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Viewpoint: What are the Greater Yellowstone Coalition’s ethics worth?

A lone, large bison roams the roadside in this August 2021 photo from Yellowstone National Park. (Chris Marshall/Courthouse News)

Do you ever wonder how much your ethics are worth? Apparently, for the Greater Yellowstone Coalition, the price is considerably more than the “30 pieces of silver” Judas got for his sell out, but that was 2,000 years ago.

A cache of recently released documents obtained under the Freedom of Information Act shows the Forest Service spent at least $17,500 to contract GYC to lead a collaboration that supports the Greenhorn Project in Southwest Montana’s Gravelly Mountains. Astoundingly, this 16,000 acre logging, burning, and roadbuilding project includes Inventoried Roadless Areas in the Greater Yellowstone Ecosystem.

It’s worth noting the Greater Yellowstone Coalition advertises itself to foundations and donors as the leading conservation advocate for the lands, waters, and wildlife surrounding Yellowstone National Park. Yet conservation groups that supported more wilderness and less logging, roadbuilding, and livestock grazing were specifically excluded from participation in GYC’s “stakeholders” collaborative.

The Gravelly Landscape Collaborative website says: “We welcome new participants who share a commitment to the Gravelly landscape and are willing to accept basic ground rules for respectful, honest collaboration.” But as bluntly stated in an email from the collaborative: “The Gallatin Wildlife Association and Cottonwood Law have not demonstrated a commitment to collaboration and the give and take required for consensus, as shown in the continued lawsuits and opposition to management actions that include grazing. For this reason GWA is not eligible to be invited as a planning committee member.”

So who was allowed to attend the planning meetings besides the Forest Service? The Greater Yellowstone Coalition, of course, Madison County, billionaire “ranchers,” and The Nature Conservancy were some of the chosen few.

The collaborators say their “overarching goal is to develop ecologically appropriate, scientifically supported restoration projects that will benefit the forests, fish and wildlife populations and local communities of the Gravelly landscape.” But the Cottonwood Environmental Law Center and the Gallatin Wildlife Association were excluded because they support secure habitat for grizzly bears and wolves – and do not support livestock grazing because it has been extensively documented and “scientifically supported” that grizzly bears and wolves that prey on the private, for-profit livestock grazing on public lands wind up dead.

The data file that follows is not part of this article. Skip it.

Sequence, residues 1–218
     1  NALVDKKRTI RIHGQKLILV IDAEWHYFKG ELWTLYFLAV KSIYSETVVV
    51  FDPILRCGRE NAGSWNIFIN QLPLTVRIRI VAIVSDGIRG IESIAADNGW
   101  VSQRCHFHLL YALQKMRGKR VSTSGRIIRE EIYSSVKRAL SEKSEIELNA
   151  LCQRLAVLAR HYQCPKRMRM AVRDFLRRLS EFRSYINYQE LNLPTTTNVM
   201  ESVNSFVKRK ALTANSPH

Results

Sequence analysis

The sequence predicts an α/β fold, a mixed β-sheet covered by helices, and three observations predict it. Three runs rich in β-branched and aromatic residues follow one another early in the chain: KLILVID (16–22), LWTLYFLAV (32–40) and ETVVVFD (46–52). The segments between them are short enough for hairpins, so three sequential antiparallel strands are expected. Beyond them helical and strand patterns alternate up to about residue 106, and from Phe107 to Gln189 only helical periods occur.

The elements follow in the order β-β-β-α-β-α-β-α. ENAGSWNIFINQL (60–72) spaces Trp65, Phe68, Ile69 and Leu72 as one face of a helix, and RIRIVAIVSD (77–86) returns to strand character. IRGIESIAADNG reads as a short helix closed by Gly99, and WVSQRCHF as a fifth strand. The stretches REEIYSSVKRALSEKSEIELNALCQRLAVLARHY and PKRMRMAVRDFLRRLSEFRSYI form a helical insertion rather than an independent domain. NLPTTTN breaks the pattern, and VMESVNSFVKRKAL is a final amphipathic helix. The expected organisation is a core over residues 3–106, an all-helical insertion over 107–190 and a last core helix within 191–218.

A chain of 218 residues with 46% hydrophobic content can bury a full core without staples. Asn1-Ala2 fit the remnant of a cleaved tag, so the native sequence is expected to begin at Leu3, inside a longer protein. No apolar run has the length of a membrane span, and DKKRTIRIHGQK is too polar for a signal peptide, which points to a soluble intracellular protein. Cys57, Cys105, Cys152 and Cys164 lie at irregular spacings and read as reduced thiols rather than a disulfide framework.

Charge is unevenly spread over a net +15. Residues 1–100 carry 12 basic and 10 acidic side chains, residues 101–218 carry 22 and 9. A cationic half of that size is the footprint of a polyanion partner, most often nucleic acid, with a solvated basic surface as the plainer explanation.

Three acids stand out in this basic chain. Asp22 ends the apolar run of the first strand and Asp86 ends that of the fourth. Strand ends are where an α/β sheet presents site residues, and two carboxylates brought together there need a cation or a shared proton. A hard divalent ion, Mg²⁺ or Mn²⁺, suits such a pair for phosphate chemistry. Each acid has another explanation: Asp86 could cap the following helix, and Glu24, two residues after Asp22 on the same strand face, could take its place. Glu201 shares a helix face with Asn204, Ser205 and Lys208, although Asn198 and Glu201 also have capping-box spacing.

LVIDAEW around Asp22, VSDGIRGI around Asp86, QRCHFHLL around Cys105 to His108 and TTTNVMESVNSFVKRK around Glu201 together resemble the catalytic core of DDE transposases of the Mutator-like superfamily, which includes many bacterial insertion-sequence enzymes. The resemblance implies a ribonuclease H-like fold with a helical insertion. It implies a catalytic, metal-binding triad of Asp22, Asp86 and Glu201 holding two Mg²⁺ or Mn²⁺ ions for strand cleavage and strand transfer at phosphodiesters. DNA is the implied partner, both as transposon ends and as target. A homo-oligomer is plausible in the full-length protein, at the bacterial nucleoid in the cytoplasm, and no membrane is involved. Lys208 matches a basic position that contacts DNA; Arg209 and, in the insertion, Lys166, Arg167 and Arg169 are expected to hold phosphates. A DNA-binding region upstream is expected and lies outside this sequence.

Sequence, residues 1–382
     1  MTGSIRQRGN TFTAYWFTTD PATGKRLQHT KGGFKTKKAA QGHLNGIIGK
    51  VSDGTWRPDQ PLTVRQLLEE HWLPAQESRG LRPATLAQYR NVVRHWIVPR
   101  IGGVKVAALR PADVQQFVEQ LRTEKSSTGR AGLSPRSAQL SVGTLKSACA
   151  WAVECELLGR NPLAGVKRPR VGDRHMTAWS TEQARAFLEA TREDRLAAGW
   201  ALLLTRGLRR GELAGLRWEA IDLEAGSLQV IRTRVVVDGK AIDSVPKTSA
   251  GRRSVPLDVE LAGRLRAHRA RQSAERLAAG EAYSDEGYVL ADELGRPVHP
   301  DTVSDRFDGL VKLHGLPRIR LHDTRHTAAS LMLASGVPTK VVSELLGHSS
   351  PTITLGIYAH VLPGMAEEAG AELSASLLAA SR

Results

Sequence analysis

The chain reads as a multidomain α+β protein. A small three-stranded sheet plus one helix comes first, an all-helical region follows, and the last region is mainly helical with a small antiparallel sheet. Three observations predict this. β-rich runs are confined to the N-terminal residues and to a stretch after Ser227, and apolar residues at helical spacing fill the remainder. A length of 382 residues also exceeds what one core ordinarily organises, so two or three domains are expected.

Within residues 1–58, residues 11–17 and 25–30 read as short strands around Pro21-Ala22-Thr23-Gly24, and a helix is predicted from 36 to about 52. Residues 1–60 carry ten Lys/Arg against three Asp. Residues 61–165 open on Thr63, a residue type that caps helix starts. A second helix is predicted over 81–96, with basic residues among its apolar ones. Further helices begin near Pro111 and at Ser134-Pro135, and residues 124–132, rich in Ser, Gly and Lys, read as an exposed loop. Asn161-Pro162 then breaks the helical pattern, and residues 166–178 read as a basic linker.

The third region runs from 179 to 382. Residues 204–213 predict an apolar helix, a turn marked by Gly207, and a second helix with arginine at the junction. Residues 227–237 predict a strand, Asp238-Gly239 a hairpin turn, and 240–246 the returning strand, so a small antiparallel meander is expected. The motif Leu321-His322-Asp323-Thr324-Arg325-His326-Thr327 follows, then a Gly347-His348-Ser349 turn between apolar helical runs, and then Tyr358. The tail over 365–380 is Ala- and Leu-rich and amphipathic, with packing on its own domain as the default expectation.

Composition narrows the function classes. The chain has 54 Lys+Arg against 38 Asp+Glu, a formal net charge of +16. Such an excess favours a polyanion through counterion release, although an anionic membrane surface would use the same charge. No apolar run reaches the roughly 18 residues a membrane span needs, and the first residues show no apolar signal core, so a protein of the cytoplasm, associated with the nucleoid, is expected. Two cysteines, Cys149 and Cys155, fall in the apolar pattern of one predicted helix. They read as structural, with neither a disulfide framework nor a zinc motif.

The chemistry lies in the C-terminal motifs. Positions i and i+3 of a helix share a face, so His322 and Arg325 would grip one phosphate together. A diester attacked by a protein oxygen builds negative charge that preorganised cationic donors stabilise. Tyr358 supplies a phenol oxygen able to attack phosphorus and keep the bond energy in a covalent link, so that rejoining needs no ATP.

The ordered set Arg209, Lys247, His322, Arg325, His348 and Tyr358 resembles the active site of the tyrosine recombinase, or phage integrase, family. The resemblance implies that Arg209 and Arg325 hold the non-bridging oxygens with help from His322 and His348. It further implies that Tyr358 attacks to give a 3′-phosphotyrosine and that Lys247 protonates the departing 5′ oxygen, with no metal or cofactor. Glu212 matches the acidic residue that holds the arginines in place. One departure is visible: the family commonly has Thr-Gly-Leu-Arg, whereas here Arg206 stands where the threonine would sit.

Instead, GYC’s collaborative of ranchers and the Forest Service want to slash and burn over 16,000 acres in the Sheep Mountain Inventoried Roadless Area. Ironically, this area would be designated as wilderness by the Northern Rockies Ecosystem Protection Act, a bill that currently has 59 sponsors in the House of Representatives and 12 sponsors in U.S. Senate.

GYC’s collaborative also thinks native trees and shrubs are degrading this landscape and need to be burned and cut — including burning sagebrush in occupied sage grouse habitat. In reality, the goal is to grow more grass for cattle in this mountainous landscape that currently provides elk and mule deer with fawning/calving areas and crucial winter range as well as secure habitat for at least a dozen bird species identified as Montana Species of Concern.

Scientific research documents that grizzly bears flee in terror from low-level helicopter flights and may abandon their habitat, but GYC’s collaborators endorse low-level helicopter flights to drop firestarters in areas occupied by grizzly sow/cub groups – a blatant violation of the Endangered Species Act.

The collaborative gave the timber industry its slice of the national forest pie, too, including clearcutting Douglas fir stands and bulldozing in miles of new logging roads — even though the latest science finds that logged forests burn hotter and faster than unlogged forests.

The National Environmental Policy Act requires that federal agencies provide the public an opportunity for review and comment about the potential impacts of their proposed actions. But there is nothing in the Act that says only citizens who are paid by the government to support destroying habitat for native species are allowed to do the planning.

They say “everyone has their price” and apparently that’s true for the Greater Yellowstone Coalition. But the Greater Yellowstone Ecosystem belongs to all Americans — not just organizations that were paid by the government to support deforestation of prime grizzly bear and elk habitat.

Mike Garrity is the Executive Director of the Alliance for the Wild Rockies.